- Compared with SPY (6.83 ) in the period of the last 3 years, the Downside risk index of 0.53 is lower, thus better.

'Maximum drawdown is defined as the peak-to-trough decline of an investment during a specific period. It is usually quoted as a percentage of the peak value. The maximum drawdown can be calculated based on absolute returns, in order to identify strategies that suffer less during market downturns, such as low-volatility strategies. However, the maximum drawdown can also be calculated based on returns relative to a benchmark index, for identifying strategies that show steady outperformance over time.'

Which means for our asset as example:- Compared with the benchmark SPY (-33.7 days) in the period of the last 5 years, the maximum reduction from previous high of -4.6 days of PIMCO Enhanced Short Maturity ETF is greater, thus better.
- During the last 3 years, the maximum drop from peak to valley is -4.6 days, which is larger, thus better than the value of -33.7 days from the benchmark.

'The Drawdown Duration is the length of any peak to peak period, or the time between new equity highs. The Max Drawdown Duration is the worst (the maximum/longest) amount of time an investment has seen between peaks (equity highs) in days.'

Which means for our asset as example:- Compared with the benchmark SPY (139 days) in the period of the last 5 years, the maximum time in days below previous high water mark of 71 days of PIMCO Enhanced Short Maturity ETF is smaller, thus better.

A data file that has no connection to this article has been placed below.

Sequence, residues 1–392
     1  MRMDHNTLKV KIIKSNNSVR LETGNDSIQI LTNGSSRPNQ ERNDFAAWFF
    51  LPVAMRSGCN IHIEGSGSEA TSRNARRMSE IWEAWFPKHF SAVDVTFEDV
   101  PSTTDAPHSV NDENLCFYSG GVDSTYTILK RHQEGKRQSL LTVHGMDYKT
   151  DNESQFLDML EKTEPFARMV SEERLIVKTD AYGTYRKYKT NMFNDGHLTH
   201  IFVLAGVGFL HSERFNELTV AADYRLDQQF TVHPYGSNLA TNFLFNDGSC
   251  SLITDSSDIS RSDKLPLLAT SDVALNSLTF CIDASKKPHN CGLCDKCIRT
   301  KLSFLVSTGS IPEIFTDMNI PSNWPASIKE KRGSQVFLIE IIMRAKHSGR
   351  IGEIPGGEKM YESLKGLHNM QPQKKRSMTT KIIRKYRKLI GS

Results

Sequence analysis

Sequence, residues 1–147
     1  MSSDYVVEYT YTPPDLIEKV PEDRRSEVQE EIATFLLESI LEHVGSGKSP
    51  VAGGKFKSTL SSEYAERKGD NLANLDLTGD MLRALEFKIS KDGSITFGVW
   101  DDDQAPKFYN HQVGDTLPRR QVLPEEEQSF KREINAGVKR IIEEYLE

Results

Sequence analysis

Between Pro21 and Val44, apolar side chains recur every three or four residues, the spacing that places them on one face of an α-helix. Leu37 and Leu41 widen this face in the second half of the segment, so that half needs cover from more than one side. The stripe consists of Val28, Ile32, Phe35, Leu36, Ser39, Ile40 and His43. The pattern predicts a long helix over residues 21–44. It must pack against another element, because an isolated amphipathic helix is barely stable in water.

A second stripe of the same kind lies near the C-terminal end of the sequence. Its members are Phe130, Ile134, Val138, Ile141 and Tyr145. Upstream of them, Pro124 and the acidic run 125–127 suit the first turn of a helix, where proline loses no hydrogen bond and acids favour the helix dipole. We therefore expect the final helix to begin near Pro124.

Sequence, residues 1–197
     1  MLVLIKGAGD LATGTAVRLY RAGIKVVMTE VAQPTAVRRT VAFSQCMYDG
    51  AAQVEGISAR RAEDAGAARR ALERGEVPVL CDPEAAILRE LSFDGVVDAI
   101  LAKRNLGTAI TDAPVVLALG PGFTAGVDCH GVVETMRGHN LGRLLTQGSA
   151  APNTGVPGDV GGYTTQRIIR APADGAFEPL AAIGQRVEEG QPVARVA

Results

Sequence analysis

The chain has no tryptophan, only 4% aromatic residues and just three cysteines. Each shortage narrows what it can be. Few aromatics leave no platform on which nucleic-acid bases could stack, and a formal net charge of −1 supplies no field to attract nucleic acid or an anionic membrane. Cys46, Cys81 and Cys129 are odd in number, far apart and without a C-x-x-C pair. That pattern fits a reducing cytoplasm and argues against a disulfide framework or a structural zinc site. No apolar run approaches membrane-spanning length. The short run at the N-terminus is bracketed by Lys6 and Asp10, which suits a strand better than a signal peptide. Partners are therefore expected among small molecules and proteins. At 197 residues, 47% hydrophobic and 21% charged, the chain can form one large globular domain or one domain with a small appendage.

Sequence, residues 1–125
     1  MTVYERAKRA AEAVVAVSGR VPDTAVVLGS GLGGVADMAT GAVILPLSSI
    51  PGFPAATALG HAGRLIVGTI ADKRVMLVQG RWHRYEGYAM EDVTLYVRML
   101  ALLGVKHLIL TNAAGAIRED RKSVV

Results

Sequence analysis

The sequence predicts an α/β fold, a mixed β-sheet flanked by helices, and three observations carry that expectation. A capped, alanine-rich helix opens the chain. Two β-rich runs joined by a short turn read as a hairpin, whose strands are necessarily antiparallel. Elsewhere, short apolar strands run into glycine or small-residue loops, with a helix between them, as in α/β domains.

- Compared with SPY (139 days) in the period of the last 3 years, the maximum days under water of 71 days is smaller, thus better.

'The Drawdown Duration is the length of any peak to peak period, or the time between new equity highs. The Avg Drawdown Duration is the average amount of time an investment has seen between peaks (equity highs), or in other terms the average of time under water of all drawdowns. So in contrast to the Maximum duration it does not measure only one drawdown event but calculates the average of all.'

Applying this definition to our asset in some examples:- Compared with the benchmark SPY (33 days) in the period of the last 5 years, the average days below previous high of 9 days of PIMCO Enhanced Short Maturity ETF is lower, thus better.
- Looking at average days under water in of 14 days in the period of the last 3 years, we see it is relatively lower, thus better in comparison to SPY (35 days).

Historical returns have been extended using synthetic data.
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- Note that yearly returns do not equal the sum of monthly returns due to compounding.
- Performance results of PIMCO Enhanced Short Maturity ETF are hypothetical, do not account for slippage, fees or taxes, and are based on backtesting, which has many inherent limitations, some of which are described in our Terms of Use.